For many patients with BC, optimal posttreatment care requires access to services that help sustain QOL.1,33 Subpopulations might differentially benefit from PCP versus oncology-provider follow-up for common ET side effects and survivorship needs. Younger women33 and those living in rural settings,34 on ET plans,35 closer to time of diagnosis, and discharged from cancer care36,37 often report higher posttreatment needs. Studies suggest that oncology nurse or nurse practitioner (NP)–led telephone clinics can provide a link between patients, PCPs, and oncologists.38,39 Nurses can either address lifestyle and psychosocial concerns or refer patients.40 In this cross-sectional study in a Canadian public health system that discharges to PCPs for follow-up, we examined adherence and perceived need for help with follow-up goals, and interest in a telephone-based survivorship clinic. We hypothesized that those at greater risk, younger, nonurban, taking ET, with shorter times since diagnosis, and transferred from cancer center care would report a significantly greater projected use of a telephone clinic.

Methods

Participants

Eligible Alberta women were English-speaking, were 18 years of age or older, had stage I–III invasive BC diagnosed June 2006–September 2009, and were treated through tertiary cancer centers. Women excluded had recurrent or metastatic BC, or their diagnosis date fell outside the study window. The Alberta Cancer Registry (ACR) randomly sampled eligible participants, oversampling younger, nonurban women further from their date of diagnosis to ensure representation. ACR then mailed study invitations including consent forms. If interested, women returned a signed consent and the research assistant called them to answer questions and schedule an interview. For those not responding, ACR mailed a reminder postcard 2 weeks later. The Calgary Health Region Research Ethics Board and the Alberta Cancer Research Ethics Committee approved the procedures.

Of 960 potentially eligible participants receiving invitation letters from ACR, 272 consented (28.3%). Of these, 240 completed a structured telephone interview, had usable data from chart review, and were included. Reasons for the exclusion of 32 participants varied from unsuccessful contact (n=10), ineligibility (n=15), interviewed but discovered to be ineligible (n=5), and withdrawal (n=2).

Procedure and Measures

Researchers extracted from chart review patient demographics, tumor characteristics, treatment (surgical, radiation, chemotherapy, and ET plan), discharge status, and cancer center visits postdischarge. For women on an ET plan, researchers also extracted medication dispensing information from cancer center pharmacy databases.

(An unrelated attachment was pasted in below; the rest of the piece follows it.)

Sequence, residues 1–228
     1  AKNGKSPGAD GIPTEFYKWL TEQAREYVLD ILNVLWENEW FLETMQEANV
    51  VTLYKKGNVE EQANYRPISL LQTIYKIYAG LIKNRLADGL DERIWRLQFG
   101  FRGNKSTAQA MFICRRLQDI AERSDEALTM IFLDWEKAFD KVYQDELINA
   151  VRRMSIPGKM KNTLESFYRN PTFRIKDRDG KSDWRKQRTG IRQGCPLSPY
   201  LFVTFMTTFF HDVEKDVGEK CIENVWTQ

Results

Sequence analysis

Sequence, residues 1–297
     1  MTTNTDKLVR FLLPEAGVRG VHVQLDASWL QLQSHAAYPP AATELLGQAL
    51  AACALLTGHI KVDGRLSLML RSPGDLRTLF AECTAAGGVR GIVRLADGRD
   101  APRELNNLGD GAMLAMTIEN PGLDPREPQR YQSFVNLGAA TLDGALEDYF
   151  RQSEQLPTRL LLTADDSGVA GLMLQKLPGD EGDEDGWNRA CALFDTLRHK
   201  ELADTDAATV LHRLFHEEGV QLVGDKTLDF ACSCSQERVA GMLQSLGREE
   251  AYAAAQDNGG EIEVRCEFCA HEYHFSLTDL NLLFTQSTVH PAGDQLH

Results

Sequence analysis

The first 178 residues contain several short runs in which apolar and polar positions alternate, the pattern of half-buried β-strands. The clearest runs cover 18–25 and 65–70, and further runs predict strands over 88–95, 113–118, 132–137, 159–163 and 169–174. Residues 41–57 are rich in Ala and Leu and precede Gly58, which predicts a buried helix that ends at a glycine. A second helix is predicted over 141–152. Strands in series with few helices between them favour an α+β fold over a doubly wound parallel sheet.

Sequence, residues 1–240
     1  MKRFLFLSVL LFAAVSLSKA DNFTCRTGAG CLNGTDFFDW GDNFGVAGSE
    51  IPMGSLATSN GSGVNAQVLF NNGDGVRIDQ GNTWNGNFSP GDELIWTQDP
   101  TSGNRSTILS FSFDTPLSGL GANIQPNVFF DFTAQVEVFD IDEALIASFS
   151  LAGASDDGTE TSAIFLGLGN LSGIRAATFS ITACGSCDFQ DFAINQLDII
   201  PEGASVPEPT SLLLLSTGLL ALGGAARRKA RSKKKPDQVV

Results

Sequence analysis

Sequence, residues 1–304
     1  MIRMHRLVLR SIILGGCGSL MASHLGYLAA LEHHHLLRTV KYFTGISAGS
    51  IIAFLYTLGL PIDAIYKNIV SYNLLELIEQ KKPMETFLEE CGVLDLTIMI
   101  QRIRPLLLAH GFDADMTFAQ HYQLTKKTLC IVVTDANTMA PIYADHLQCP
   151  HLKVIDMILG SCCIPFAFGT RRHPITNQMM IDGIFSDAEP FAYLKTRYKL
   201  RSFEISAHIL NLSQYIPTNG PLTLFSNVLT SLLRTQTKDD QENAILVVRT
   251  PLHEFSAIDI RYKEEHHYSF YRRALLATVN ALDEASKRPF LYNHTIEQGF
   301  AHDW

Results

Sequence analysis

Interview: The research team, including breast oncologists, a breast NP, and psychologists, designed the structured interview using consensus agreement. The interview included the following categories (Appendix 1; located at the end of this article): current bothersome symptoms; types of breast surgeries; adherence to ET, medical, and lifestyle follow-up guidelines; and desire for follow-up care assistance. Because PCPs separately held most women's current records, we were unable to verify self-reported clinical examination and mammography. At the end of the interview, the research assistant asked, “Now I would like for you to think back over time since you finished your treatment. If you had the option to speak on the phone with a medical professional in a BC survivorship clinic, would you have used it?” We refer to this throughout the paper as the “hypothetical BC telephone clinic” (HTC).

Adherence With Guidelines: We measured frequency of self-reported prior-year clinical examination, mammography, body mass index (BMI), exercise, and alcohol use. To estimate adherence with ET guidelines, we measured current use based on self-report and pharmacy records. From pharmacy records, we measured nonadherence (filled prescriptions covered ≤80% of potential time on therapy), nonpersistence (continuous period >6 months when no prescription was filled), and frequency and timing of planned switches from tamoxifen to aromatase inhibitors (AIs).

Analysis